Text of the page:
Curbside Classic: 1971 Ford Galaxie 500 – Domino’s Delivers, Even If Ford Doesn’t

 

I know some of you are getting tired of hearing about Eugene’s eccentricities. But where else can you order up a genuine Curbside Classic to deliver your pizza? That is, as an alternative to bicycle delivery, which is also on tap. Well, Dominos does claim to be the Pizza Delivery Experts, and if you call the River Road store and ask for Josh to deliver your Cheesybread and Cinnastix, you’ll have a chance to check out his haulin’ 1971 Galaxie 500. Who knows, for the right price, he might even deliver long distance. Just be generous with your tip, because his beast is lucky to break single digits in the mileage department, the way he drives. Which is undoubtedly a lot gentler than I drove the exact same car when I was his age.

 

Oh boy, does this car ever wash the memories over me; kinda like having a bucket of cold pig piss tossed in my face. Uh oh; am I revealing my delicate feelings about this lovely Ford too soon? We’ve barely started, and I’m trying so hard to be “fair and balanced” these days. But I speak from a deep-vinyl-immersion experience of these ’71 Fords: I was a car jockey in 1970-1971, and I spent my afternoons after high school driving/abusing them, and loving/hating every minute of it.  In fact, when I think about these loathsome cars, what always appears in my mind’s tortured eye is a vile bile-green-on-green one, exactly like this one.

 

It was the color combination of choice that year, and Towson Ford sold scads of them. Seems like they always went into the hands of a milquetoast older couple  that drove it to Immaculate Conception every Sunday. It screams everything that my seventeen year-old self hated about Towson in 1970, so it does my heart good to see one living out its last days like this. It’s a fitting punishment for it to be pounded into the ground by a kid hauling a load of hot buffalo wings.

 

 

It’s not like the ones I drove got any better treatment: my spite for them and what they stood for induced perpetual full throttle, full brake pedal, and full steering wheel inputs, all the time; even simultaneously. How else does one learn about the more bizarre aspects of vehicle dynamics and become an accomplished driver? Actually, I was just following Ford’s new car break-in recommendation: “avoid steady state speeds”. I’m on it!

Not that full throttle accomplished all that much anyway, especially in the barely-running state they arrived in. Every new car back then was ferried by yours truly to a special bay where a full-time dedicated mechanic gave it a thorough tune up! Well, minus the new parts, that is. And he made sure there weren’t any obviously loose parts ready to fall off at the first pot hole. Although the whole front clip looked like it was going to separate at each bump. A soft chassis for a soft ride; Ford’s engineering mantra for the seventies.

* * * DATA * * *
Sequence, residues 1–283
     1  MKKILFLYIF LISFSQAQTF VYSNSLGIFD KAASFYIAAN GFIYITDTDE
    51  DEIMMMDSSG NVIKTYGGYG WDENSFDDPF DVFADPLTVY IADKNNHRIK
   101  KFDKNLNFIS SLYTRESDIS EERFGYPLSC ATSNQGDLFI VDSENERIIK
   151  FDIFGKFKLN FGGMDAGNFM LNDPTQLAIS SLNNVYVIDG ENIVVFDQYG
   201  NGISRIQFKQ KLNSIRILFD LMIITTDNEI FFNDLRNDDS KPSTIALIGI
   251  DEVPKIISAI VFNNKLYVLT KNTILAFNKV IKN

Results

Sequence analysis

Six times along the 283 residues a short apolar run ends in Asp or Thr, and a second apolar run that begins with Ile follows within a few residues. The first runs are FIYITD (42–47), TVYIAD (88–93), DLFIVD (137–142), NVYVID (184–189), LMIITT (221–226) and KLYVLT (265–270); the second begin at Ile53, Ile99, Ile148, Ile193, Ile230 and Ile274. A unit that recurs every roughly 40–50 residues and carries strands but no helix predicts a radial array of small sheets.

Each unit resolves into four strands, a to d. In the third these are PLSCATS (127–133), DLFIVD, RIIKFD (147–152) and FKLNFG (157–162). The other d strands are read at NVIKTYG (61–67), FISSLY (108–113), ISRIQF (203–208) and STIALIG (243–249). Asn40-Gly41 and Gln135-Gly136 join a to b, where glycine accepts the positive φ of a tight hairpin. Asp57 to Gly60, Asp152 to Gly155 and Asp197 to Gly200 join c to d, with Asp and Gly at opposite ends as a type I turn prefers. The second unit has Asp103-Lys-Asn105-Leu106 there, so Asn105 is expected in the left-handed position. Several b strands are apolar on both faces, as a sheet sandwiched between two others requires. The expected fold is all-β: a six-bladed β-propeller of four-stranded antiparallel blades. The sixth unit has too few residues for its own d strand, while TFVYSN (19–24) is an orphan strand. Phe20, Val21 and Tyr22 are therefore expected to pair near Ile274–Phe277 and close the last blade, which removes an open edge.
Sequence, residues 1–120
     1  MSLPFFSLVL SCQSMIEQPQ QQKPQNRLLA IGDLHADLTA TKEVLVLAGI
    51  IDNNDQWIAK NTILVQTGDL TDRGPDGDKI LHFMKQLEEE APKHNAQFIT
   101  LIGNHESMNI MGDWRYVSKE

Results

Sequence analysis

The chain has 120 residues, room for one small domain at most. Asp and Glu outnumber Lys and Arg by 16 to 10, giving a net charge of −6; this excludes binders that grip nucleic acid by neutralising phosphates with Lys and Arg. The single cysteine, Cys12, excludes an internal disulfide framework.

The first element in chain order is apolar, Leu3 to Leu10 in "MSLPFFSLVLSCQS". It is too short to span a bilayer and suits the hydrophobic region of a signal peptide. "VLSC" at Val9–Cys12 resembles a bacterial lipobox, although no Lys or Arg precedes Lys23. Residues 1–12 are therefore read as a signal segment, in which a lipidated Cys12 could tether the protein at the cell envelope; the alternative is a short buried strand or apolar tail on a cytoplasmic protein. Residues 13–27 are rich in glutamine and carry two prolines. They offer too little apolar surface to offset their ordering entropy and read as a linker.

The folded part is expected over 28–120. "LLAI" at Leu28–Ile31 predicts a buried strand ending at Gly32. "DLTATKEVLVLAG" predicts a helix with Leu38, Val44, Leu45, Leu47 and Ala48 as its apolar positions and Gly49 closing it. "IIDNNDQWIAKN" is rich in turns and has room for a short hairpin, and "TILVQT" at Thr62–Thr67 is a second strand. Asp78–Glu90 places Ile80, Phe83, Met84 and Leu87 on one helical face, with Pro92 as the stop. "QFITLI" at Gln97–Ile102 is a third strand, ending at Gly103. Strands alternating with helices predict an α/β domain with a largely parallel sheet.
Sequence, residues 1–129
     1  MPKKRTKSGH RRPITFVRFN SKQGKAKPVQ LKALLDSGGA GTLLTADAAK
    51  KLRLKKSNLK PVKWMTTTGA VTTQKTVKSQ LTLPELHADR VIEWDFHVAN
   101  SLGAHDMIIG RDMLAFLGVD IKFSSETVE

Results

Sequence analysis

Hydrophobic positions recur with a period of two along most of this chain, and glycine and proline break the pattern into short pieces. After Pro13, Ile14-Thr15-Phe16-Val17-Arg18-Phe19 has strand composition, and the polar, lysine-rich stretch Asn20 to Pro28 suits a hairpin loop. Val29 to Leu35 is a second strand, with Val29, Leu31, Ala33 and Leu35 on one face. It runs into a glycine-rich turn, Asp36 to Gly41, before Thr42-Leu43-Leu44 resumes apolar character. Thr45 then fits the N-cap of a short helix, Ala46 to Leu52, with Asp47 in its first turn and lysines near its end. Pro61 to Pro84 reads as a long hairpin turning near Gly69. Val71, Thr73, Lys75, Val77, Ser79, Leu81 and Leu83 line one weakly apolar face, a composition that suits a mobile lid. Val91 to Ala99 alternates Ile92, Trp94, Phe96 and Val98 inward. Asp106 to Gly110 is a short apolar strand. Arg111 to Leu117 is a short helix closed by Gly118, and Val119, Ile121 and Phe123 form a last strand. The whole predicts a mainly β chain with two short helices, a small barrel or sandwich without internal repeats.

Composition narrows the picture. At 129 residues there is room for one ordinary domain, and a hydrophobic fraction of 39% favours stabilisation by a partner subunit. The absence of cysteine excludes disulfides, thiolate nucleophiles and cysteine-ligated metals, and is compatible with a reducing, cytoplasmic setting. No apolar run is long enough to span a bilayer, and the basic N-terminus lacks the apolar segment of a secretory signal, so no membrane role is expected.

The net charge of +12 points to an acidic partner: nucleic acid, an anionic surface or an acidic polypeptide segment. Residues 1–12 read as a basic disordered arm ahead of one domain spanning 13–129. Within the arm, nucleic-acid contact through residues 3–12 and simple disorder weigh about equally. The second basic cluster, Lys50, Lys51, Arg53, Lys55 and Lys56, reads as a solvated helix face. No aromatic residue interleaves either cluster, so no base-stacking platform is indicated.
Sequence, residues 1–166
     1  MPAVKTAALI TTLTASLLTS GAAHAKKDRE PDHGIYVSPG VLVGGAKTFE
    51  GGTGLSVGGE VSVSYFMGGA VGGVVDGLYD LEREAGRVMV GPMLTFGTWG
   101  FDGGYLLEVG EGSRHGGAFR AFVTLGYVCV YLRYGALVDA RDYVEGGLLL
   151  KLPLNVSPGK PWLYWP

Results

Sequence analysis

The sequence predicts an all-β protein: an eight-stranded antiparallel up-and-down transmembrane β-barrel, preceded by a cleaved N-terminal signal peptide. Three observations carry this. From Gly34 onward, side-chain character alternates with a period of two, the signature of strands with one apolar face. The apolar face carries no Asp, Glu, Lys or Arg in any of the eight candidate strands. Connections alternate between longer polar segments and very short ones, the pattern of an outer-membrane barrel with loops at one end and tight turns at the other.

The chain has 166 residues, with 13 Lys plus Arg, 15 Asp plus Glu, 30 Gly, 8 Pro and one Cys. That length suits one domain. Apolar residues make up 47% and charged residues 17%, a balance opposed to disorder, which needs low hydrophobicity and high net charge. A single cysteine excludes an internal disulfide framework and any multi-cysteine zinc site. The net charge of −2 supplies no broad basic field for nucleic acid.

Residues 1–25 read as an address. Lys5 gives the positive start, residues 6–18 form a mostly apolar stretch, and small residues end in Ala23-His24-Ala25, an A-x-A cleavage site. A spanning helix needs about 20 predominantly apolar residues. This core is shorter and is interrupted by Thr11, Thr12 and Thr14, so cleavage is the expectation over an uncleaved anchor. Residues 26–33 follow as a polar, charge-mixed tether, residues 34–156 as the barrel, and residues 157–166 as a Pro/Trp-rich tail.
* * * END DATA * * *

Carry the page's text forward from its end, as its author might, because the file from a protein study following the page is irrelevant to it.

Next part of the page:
Which also explains the Bunkie’s Beak on the nose of this car. Knudsen made his career with Pontiac, or vice versa, as the case may be. He ended up at Ford in ’68 when he was passed over for the GM Presidency, and lasted just long enough to graft his version of what was Pontiac’s key to success in the sixties on the front of the ’70 T-Bird and this Ford. Umm, that was almost a decade ago, Bunkie.

Hank II never took a liking to him, and reportedly sent Ford’s vice president for public relations, Ted Mecke, to Knudsen’s home at night to inform him that he would be fired, telling Knudsen that “Henry sent me here to tell you that tomorrow will be a rough day at work.” It lead to an inversion of Henry I’s favorite expression “History is bunk” to “Bunkie is history”.

 

Good riddance. Although Ford in the seventies after Knudsen didn’t amount to all too much either. Iaccoca’s legendary innovation in the early sixties turned into legendary imitation, inflation, degradation and stasis. Ford kept big cars while GM was frantically downsizing, which lead to a big flirt with bankruptcy in 1979.

 

 

Let’s stop the speculation and get back to hammering throttles. As I was saying, there wasn’t a lot of zip in these “Total Performance” Fords, despite the racing efforts. Theoretically, this Galaxie 500’s standard engine was the 240 six and a three-speed column-mounted manual; but I never had the privilege. Sounds intriguing. Most came with the 351. But Josh wants to make sure your pizza arrives piping hot, so his green bomb sports a 400M (6.6L), which was rated at 260 (gross, for the last time) hp.

 

 

Sufficient torque to get the tires piping hot pulling donuts on the far-distant back lot of Towson Ford, out of ear and eye-shot of the office. And it would barrel down (then uncrowded) York Road out to Timonium or the Beltway fast enough, until it ran out of breath or threatened to become airborne. But the real test was the trip to the body shop, which was not an uncommon stopping point before delivery. In 1971, Quality was Ford Job No. 472947658489.

Towson Ford’s body shop wasn’t anywhere near Towson at all, but way down Falls Road, a windy old trail-turned-road that followed the eponymous river. That’s where my hate for these barges really blossomed. It felt like I was trying to plow furrows into the pavement with the rims through those tight curves; give me a Pinto, please! No question about it; the big Fords were the sloppiest handlers of the Really Big Three.

And by far the ugliest, if you hadn’t already picked up on that between the lines. That leaves the question: does the ’71 Ford have any redeeming qualities? No. But if you don’t believe me, call 541-461-9714, and ask for the BigCheesyFord Special, and confirm it for yourself.